The ideal cat breeder is one who is open, honest and upfront with you about the type of cat you’re looking to bring home to your family. For example, those looking at the beautiful Burmese cat breed will likely have many questions about this animal, particularly regarding its health, its grooming needs and its personality, and an ideal breeder will be open with the fact that this particular breed does have a wonderful level of affection but also that it tends to shed a bit more than some other breeds. He or she will be open about the history of the Burmese cats used to breed a litter of kittens and offer to let you see vet histories on all cats involved in your transaction.
A breeder you don’t want to work with will likely resort to scare tactics (if we don’t get these cats into good homes they’ll have to be put down), cleverly disguised threats (if you don’t buy now, we won’t have any left for you and you’ll have to wait several months) and they’ll try to avoid subjects they’re not comfortable with (yes, I’ll send that vet information over right away, but did you see how much the kids love this kitten? They’re going to cry unless you take him home today!). It’s difficult, on the spot, to avoid falling for these tactics, but it’s necessary that you stand your ground and never make a rash decision when it comes to finding a reputable Burmese cat breeder, and we have a few tips that will help you along the way.
Learn to be Observant
A great cattery or breeder will have an open, happy place for their cats. Burmese cats are very affectionate and friendly, they’re very open to strangers and honestly don’t really know a stranger. If a cattery looks questionable to you in that it’s dirty, unkempt or it looks as if the cats are being isolated from human interaction, let your warning flags go up. Additionally, if these beautiful, open, friendly cats seem as if they are skittish, nervous or too afraid to come to you, go ahead and call it a day. A Burmese cat breeder will have a home filled with curious cats who want to come close to you, let you pet them and bond with you. If they don’t, you’re working with someone who might not be on the level as a breeder.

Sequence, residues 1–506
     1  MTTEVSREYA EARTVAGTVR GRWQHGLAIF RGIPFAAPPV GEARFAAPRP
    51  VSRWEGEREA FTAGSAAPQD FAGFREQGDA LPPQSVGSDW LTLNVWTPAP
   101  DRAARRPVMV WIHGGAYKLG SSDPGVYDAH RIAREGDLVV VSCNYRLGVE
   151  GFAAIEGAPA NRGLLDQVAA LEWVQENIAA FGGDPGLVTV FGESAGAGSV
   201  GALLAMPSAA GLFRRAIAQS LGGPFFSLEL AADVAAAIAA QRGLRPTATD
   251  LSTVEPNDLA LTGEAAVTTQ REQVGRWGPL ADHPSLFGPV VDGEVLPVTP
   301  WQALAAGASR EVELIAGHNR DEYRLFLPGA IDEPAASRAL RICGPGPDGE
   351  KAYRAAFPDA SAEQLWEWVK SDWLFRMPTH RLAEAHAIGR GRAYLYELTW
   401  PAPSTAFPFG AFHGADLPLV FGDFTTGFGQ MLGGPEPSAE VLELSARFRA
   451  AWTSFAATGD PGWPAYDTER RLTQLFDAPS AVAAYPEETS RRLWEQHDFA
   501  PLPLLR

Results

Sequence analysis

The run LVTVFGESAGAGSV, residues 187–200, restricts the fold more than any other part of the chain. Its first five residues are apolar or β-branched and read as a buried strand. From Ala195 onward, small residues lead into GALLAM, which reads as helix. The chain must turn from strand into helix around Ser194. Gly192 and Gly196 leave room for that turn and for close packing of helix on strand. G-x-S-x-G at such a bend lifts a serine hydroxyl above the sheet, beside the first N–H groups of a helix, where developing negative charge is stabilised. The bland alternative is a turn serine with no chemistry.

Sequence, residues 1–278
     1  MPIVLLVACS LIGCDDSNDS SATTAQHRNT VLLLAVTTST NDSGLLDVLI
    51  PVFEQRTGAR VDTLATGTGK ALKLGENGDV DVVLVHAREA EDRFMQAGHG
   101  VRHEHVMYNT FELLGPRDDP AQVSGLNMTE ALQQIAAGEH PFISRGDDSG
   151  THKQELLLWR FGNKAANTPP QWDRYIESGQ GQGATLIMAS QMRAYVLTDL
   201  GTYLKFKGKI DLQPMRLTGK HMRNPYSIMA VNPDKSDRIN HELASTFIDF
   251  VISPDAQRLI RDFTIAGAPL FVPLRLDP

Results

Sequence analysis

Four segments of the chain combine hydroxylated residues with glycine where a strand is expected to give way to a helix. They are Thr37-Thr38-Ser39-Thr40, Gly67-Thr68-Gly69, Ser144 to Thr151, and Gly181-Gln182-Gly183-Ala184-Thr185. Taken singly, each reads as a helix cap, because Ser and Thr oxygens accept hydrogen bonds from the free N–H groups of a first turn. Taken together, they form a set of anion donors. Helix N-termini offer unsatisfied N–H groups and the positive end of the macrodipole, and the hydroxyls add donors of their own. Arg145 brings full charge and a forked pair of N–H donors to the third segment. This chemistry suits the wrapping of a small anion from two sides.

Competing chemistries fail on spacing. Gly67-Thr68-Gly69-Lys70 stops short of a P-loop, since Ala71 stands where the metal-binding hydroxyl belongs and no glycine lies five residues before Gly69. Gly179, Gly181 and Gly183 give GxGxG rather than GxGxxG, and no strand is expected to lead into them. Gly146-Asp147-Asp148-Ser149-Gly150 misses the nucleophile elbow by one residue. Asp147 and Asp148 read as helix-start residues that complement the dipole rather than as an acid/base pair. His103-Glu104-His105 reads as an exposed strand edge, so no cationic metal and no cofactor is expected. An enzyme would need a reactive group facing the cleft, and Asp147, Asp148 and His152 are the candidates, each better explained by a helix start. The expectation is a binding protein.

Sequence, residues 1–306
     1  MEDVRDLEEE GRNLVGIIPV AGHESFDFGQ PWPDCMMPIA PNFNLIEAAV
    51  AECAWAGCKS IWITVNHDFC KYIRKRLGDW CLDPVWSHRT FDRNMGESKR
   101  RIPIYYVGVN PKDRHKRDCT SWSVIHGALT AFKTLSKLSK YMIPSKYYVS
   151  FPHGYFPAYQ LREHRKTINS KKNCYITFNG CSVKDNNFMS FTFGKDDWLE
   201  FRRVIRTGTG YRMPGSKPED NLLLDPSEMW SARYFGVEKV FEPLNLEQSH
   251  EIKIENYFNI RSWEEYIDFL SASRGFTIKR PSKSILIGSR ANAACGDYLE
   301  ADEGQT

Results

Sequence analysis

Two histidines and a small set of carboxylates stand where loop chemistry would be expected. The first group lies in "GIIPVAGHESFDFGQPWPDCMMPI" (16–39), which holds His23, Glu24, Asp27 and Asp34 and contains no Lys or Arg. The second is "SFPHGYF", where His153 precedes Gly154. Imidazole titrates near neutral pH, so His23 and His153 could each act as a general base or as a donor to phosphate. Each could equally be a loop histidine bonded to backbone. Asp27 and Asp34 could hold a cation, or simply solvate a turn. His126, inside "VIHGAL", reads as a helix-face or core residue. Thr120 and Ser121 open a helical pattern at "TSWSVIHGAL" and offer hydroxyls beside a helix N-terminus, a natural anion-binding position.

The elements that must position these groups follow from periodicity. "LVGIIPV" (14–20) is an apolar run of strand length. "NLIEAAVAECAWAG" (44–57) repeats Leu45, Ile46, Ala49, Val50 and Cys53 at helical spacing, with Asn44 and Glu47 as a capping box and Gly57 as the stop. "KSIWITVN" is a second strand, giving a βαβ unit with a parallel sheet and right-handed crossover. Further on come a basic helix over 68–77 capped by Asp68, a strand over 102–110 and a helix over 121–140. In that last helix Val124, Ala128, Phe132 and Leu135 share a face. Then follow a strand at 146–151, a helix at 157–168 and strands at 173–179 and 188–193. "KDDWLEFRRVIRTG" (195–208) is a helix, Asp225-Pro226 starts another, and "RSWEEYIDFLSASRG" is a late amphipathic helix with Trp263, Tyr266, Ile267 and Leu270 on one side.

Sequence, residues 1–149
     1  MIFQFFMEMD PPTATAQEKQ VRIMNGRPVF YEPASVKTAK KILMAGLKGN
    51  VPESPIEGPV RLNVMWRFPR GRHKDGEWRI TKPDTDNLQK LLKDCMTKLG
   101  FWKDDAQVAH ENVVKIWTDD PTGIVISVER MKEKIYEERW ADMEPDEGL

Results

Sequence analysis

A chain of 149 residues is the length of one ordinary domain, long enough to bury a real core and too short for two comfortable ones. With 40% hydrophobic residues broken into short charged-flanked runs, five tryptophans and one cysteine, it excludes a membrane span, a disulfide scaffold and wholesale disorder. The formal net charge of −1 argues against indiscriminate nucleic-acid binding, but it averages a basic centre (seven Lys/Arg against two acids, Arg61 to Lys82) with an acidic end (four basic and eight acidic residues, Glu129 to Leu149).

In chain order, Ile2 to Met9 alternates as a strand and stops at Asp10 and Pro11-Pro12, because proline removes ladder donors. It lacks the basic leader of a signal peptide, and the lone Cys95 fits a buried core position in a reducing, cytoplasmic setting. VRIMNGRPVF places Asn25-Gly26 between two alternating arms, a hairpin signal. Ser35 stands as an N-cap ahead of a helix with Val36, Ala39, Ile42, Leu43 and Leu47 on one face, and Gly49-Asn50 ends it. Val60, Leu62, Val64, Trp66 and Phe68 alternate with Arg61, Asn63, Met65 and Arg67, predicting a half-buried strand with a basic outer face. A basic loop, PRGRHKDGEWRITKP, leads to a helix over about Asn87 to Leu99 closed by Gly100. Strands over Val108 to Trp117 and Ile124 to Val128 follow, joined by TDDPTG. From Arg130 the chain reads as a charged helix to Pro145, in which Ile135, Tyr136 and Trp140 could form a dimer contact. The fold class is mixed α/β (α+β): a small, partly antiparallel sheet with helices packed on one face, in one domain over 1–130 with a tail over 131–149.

Walk Away if No Vet Information is Provided
You’re purchasing a cat; for a lot of money. You deserve to see, and have every right to see, the information obtained by the vet during that kitten’s visit. Additionally, you have every right to see the health history of the parent cats. Why would you want to? For several reasons; the first being that you need to know that both parent cats are actually the correct breed. You don’t want to buy a cat that actually is only half the cat you thought it was.
Secondly, you need this information because you need to know if there might be genetic health issues at play. For example, many cats in many different breeds, not just the Burmese, are prone to genetic diseases that pass from parents to their litters. If your parent cats have one of these diseases, it might be possible the litter does as well and it might be a litter you want to avoid.
Ask the Tough Questions
Many people think asking how long the breeder has been in business, how many cats they breed each year and so one are the questions that need to be asked. The truth is that they’ve answered these questions so many times the answers are now automatic. You need to ask questions that will provide you with answers a poor breeder might not realize he’s providing. For example, instead of asking how many cats the breeder has bred, ask how many clients have had issues with the cats they’ve purchased. Ask what the breeder does with the cats when he or she goes on vacation (this is a great one, because a breeder who does care correctly for his litters will have an upfront answer right away. Someone who isn’t doing what needs to be done will falter and hesitate because they are looking for the ‘right’ answer to your question.). Ask the breeder for the phone number to the vet he or she uses; it’s okay to call and ask for a reference based on the vet’s opinion. This will either be something the breeder readily provides or hesitates to provide. Either way, it will give you great insight into what type of breeder you’re dealing with.
You’re not the only one with questions and curiosity about a Burmese cat, its living conditions and its health. Breeders who are responsible, care for their cats and are interested in the animals just as much as you will have a list of questions. Sometimes the best way to determine if a breeder is a reputable one is to sit back and listen to the breeder do a little talking.
Does the breeder ask you questions? Is the breeder concerned about your place of living? Does the breeder ask you about your home, your living conditions, other animals that might be in the house and whether or not you have children? Does the breeder ask if you travel often and what you do with your pets when you do travel? Breeders that ask these questions are curious because they don’t want their cats to end up in bad homes anymore than you want one that comes from a bad home.
Your best bet is to listen and wait for breeders to do their research on you. A good breeder who raises healthy, purebred, good cats absolutely wants to ensure that their litter is going to homes in which they will be well loved and cared for. Breeders aren’t required to sell their cats to anyone, and they are often picky about with whom they choose to send a cat home.
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